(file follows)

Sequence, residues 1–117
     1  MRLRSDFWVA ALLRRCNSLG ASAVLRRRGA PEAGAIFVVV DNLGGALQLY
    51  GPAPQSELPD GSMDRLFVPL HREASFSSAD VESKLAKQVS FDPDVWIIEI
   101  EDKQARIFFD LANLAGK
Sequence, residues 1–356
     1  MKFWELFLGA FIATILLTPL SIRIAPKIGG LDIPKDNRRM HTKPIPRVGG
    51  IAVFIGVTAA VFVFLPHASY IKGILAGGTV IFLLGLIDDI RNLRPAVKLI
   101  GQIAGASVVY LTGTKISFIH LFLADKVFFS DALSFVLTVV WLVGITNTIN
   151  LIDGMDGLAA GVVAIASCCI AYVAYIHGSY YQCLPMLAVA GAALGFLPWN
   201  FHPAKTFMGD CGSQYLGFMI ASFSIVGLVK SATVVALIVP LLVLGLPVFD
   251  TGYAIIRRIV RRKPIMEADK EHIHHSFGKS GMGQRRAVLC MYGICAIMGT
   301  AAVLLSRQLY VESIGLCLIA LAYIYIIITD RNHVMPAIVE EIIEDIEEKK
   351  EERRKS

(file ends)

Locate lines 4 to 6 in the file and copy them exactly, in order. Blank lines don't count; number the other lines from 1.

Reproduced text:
   101  EDKQARIFFD LANLAGK
Sequence, residues 1–356
     1  MKFWELFLGA FIATILLTPL SIRIAPKIGG LDIPKDNRRM HTKPIPRVGG